Amara West project blog

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Investigating life in an Egyptian town

Amara West 2015: let’s dig some pyramids


Michaela Binder, bioarchaeologist

With a delay of two weeks (due to my PhD graduation!), we have joined the rest of the team at Amara West, and the cemetery season has just begun. After a break of two years, we return to Cemetery D, the area located on a rocky desert escarpment north of the town, for two full months of fieldwork. During the 2010 and 2012 seasons, we were already able to establish the presence of a New Kingdom elite burial ground in the western part of the escarpment, together with graves dating to the Kerma period but also the centuries following the New Kingdom.

Pyramid tomb G309, excavated in 2012

Pyramid tomb G309, excavated in 2012

Nevertheless, the number of tombs, both elite and non-elite, dating to the New Kingdom period is overall relatively small given the size of the settlement and duration of its existence (over 200 years, from 1300 BC).

Geophysical survey showing location of G320 and G321 (in collaboration with the University of Southamption - British School in Rome)

Geophysical survey showing location of G320 and G321 (University of Southamption – British School in Rome)

The choice of area to be investigated by the team of four experienced bioarchaeologists – I’m joined by returnee Sofie Schiodt from the University of Copenhagen, freelancer Michelle Gamble, and Mohamed Saad from Sudan’s National Corporation of Antiquities and Museums – was prompted by the geomagnetic survey carried by out by a team from the University of Southampton/British School in Rome last year. The area, of 60×90 meters, seems to include three substantial tombs with similar superstructures to the tombs excavated during previous season. Most likely constructed from mudbrick, these structures comprise a rectangular chapel and a pyramid on their western side.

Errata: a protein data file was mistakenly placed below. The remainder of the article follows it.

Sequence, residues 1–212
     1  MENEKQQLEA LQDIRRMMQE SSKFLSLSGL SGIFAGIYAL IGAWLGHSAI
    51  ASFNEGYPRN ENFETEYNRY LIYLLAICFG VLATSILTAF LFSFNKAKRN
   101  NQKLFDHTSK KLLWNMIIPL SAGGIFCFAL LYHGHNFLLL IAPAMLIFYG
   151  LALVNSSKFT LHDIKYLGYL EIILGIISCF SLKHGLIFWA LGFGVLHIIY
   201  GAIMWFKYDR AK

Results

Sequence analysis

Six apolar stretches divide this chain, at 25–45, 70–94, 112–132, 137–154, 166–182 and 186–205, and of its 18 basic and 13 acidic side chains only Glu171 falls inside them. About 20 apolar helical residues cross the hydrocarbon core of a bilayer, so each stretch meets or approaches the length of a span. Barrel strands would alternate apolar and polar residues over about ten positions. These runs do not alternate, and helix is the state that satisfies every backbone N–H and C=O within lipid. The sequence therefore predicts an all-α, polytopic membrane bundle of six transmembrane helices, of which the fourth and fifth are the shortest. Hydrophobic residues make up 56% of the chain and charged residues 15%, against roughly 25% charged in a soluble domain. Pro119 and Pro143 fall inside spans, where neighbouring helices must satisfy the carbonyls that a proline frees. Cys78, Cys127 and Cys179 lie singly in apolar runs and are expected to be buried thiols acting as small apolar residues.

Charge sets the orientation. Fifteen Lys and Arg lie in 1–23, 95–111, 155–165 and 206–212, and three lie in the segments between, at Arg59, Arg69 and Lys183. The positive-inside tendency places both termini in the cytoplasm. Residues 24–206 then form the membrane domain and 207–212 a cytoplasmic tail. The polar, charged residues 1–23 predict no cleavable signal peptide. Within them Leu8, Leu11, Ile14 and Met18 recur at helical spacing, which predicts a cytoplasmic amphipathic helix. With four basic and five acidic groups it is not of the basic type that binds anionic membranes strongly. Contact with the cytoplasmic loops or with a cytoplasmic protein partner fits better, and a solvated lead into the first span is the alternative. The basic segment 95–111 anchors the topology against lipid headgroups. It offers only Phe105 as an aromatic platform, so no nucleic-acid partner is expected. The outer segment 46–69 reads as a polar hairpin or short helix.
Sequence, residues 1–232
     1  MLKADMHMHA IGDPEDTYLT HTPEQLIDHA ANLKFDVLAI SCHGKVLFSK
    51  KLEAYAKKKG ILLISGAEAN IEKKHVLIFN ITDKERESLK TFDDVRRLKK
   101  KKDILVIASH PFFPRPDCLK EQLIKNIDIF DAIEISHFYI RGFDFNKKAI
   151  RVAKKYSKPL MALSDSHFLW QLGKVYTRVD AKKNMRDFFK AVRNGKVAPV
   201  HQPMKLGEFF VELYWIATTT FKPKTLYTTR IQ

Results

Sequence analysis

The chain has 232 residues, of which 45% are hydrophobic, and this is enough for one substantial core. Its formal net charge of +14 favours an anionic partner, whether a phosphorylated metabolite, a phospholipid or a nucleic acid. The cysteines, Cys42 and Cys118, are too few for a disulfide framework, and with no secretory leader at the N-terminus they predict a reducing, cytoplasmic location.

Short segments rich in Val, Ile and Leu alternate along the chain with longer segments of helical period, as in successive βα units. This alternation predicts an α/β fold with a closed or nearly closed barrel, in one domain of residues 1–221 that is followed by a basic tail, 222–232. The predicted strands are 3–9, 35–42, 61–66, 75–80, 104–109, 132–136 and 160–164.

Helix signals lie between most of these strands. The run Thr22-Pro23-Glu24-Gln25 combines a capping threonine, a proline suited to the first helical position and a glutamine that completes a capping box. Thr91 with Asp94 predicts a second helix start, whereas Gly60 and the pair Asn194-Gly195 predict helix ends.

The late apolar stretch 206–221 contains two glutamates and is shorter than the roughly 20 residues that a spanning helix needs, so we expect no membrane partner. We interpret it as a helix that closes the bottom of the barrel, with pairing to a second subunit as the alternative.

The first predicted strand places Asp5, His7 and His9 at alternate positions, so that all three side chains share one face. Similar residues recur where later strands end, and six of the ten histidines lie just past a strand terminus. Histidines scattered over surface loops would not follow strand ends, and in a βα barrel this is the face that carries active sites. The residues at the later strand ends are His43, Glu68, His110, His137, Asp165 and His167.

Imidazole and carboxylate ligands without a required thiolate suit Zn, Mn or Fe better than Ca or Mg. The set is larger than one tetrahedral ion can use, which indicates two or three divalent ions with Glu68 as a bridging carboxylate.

The somewhat unassuming heaps of rubble overlying G321, at dawn of the first day of excavation

The somewhat unassuming heaps of rubble overlying G321, at dawn of the first day of excavation

The survey gives us high hopes for what awaits us this season. G321, the eastern-most funerary monument in cemetery D, appears to be by far the largest tomb structure known at Amara West. Situated on the highest point of the cemetery with a good view over the town, this location would have been the most prominent and therefore desirable place for burial. Huge spoil heaps on the surface hint towards an equally large substructure. The next days will be busy with removing these mounds: we can´t wait to see what lies underneath.

Immediately to the west, Michelle has started to uncover another large tomb, G320. While it´s superstructure is less obvious in the survey than that of G321, large heaps of schist rubble again indicate another sizable structure. After a first half day of clearance, the workmen have already started hitting fragments of mudbrick. Whether we are dealing with another pyramid tomb will soon become clear.

And so the cemetery excavations begin…

And so the cemetery excavations begin…

Alongside regular updates on the blog, follow the season on Twitter: @NealSpencer_BM and #amarawest

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Filed under: Amara West 2015, archaeology, funerary, New Kingdom, survey

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